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Back to the Future

Kabbalists explain that thinking we are missing something is indeed a trap, but it’s not a deadlock. If we follow the path of our Reshimot, an example of another intention will appear by itself. So let’s reexamine the concept of Reshimot, and see how they can help us out of the trap.

Reshimot, as we stated in Chapter Four, are records, recollections of past states. Each Reshimo that a soul experiences along its spiritual path is collected in a special “data bank.”

When we want to climb up the spiritual ladder, these Reshimot comprise our trail. They resurface one at a time, and we relive them. The faster we re-experience each Reshimo, the faster we exhaust it and move on to the next recollection.

The next Reshimo is the state that created our present state as they cascaded from the four basic phases, through the worlds ABYA and down to our world. Because now we are climbing back up the ladder, the next Reshimo is the progenitor of the present state, and is therefore higher than the present state.


We must always remember that our spiritual roots are above, not below. Returning to the roots means climbing, not digging down. This is why a climb is a return to the roots, and why the Reshimot that appear during that climb are always higher spiritual states. The reason we don’t experience them as higher testifies to our own corruption, not to the actual degree of the Reshimot we are experiencing.


Two Approaches, Two Paths

We cannot change the order of the Reshimot. That has already been determined on our way down. But we can and should determine what we will do with each of them. If we are passive and simply wait for the Reshimot to change, it will take a long time before we thoroughly experience them, and before that happens they can cause us great pain. This is why the passive approach is called “the path of pain.”

On the other hand, we can take an active approach by trying to relate to each Reshimo as to “another day in school,” seeking to understand what the Creator is trying to teach us. If we simply remember that this world is our practice field, we will tremendously speed up the passing of the Reshimot. This active approach is called “the path of Light,” because our efforts connect us to the Creator, to the Light, instead of to our present state, as is the case with the passive approach.

Actually, our efforts don’t have to succeed; trying is what matters. By increasing our desires to be like the Creator (altruistic), we attach ourselves to higher, more spiritual states.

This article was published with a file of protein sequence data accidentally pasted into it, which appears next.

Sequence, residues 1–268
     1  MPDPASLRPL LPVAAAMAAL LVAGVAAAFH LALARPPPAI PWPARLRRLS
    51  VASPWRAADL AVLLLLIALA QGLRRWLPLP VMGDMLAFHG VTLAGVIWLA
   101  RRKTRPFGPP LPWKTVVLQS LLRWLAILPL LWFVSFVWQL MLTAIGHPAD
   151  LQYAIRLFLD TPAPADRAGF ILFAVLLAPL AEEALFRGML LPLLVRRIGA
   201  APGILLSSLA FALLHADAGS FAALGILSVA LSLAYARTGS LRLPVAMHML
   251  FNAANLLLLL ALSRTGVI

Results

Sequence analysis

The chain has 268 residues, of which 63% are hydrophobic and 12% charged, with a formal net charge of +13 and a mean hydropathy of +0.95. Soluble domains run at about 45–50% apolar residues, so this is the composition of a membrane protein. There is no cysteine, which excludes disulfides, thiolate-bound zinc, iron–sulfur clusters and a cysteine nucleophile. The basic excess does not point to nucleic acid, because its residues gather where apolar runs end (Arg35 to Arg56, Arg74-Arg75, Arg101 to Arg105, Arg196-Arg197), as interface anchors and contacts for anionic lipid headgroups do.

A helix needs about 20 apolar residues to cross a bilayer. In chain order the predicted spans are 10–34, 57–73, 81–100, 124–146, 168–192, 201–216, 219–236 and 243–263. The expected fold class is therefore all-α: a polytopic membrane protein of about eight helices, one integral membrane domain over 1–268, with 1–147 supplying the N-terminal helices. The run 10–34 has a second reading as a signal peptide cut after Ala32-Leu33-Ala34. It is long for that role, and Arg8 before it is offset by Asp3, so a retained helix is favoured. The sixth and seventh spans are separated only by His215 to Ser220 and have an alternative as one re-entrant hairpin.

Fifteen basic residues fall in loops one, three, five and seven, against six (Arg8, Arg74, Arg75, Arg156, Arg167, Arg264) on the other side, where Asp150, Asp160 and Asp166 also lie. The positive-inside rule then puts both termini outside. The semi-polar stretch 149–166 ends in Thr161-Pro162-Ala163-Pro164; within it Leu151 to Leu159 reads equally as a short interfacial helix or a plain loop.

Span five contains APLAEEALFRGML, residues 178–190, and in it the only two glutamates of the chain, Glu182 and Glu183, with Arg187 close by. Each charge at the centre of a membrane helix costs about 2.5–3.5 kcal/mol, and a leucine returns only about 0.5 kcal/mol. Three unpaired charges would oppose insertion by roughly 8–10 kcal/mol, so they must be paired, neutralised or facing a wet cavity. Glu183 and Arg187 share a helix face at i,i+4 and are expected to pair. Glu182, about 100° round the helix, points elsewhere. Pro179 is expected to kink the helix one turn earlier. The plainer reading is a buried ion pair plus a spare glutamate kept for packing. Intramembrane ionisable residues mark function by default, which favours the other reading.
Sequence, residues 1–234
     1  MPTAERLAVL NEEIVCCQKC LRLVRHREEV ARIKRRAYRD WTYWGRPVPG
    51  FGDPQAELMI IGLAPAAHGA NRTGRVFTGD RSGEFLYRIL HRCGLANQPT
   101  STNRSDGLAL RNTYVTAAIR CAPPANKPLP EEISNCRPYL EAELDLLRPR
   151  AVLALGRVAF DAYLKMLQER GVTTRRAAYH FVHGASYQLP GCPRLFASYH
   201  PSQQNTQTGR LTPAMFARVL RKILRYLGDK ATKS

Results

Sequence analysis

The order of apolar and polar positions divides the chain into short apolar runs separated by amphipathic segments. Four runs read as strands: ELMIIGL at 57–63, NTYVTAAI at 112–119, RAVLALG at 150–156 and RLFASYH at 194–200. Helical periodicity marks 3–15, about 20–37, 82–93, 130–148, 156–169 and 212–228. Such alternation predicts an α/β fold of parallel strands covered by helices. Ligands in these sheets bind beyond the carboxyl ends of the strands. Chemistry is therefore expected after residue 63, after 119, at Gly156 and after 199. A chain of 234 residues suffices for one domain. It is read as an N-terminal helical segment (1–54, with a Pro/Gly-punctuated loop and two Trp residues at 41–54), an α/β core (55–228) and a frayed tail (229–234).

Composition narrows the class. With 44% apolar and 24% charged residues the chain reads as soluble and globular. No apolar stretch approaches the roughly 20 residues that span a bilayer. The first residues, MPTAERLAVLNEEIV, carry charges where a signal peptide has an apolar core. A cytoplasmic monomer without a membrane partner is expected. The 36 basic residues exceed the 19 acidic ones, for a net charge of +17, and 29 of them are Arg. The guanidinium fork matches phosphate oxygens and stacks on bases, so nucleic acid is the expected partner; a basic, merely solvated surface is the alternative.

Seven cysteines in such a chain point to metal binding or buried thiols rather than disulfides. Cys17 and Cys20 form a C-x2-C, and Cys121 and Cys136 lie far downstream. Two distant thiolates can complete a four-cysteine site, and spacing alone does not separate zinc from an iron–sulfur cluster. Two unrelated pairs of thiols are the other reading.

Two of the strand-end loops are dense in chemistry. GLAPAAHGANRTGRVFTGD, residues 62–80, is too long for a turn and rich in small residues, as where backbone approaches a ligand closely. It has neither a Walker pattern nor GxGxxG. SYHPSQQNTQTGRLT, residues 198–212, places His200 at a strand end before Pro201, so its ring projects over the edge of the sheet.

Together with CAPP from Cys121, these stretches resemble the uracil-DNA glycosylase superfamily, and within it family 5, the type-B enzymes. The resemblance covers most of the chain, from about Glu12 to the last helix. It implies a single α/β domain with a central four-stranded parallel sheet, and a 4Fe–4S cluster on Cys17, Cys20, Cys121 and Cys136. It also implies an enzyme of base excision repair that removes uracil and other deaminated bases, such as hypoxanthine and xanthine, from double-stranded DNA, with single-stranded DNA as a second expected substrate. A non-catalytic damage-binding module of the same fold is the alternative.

Desire Makes for Progress

The process of spiritual progress is very similar to the way children learn; it is basically a process of imitation. By imitating grownups, even though they don’t know what they are doing, they create within themselves the desire to learn.

Note: It’s not what children know that promotes their growth; it’s the simple fact that they want to know. The desire to know is enough to evoke in them the next Reshimo, the one in which they already know.

Because the Reshimot are connected in a chain, when the present Reshimo exhausts itself and leaves, it “pulls in” the next Reshimoin line. Thus, we are not really learning anything new in this world or in the spiritual world; we are simply climbing “back to the future.”

If we want to be more giving, like the Creator, we should constantly examine ourselves and see if we fit the description that we consider spiritual (altruistic). In this way, our desire to be more altruistic will help us develop a more accurate, detailed perception of ourselves compared to the Creator.

If we do not want to be egoistic, our desires will evoke the Reshimot that will show us what being more altruistic means. Every time we decide that we do not want to use this or that desire egoistically, the Reshimo of that state is considered to have completed its task, and moves on to make room for the next. This is the only correction we are required to make.

In his book, Shamati (I Heard), Baal HaSulam phrases this principle in these words: “…where by hating the evil [egoism] in earnest truth it is corrected.” And then he explains: “…if two people come to realize that each hates what one’s friend hates, and loves what and whom one’s friend loves, they come into perpetual bonding, as a stake that will never fall. Hence, since the Creator loves to bestow, the lower ones should also adapt to want only to bestow. The Creator also hates to be a receiver, as He is completely whole and needs nothing. Thus, man too must hate the matter of reception for oneself. It follows from all the above that one must hate the will to receive bitterly, for all the ruins in the world come only from the will to receive. Through the hatred one corrects it.”

Thus, simply by wanting it, we evoke Reshimot of more altruistic desires, which already existed within us from the time we were connected in the soul of Adam ha Rishon. These Reshimot correct us and make us more like our Creator. Therefore, desire (the Kli) is both the engine of change and the means for correction. We need not suppress our desires. We simply need to learn how to work with them productively for ourselves and others.

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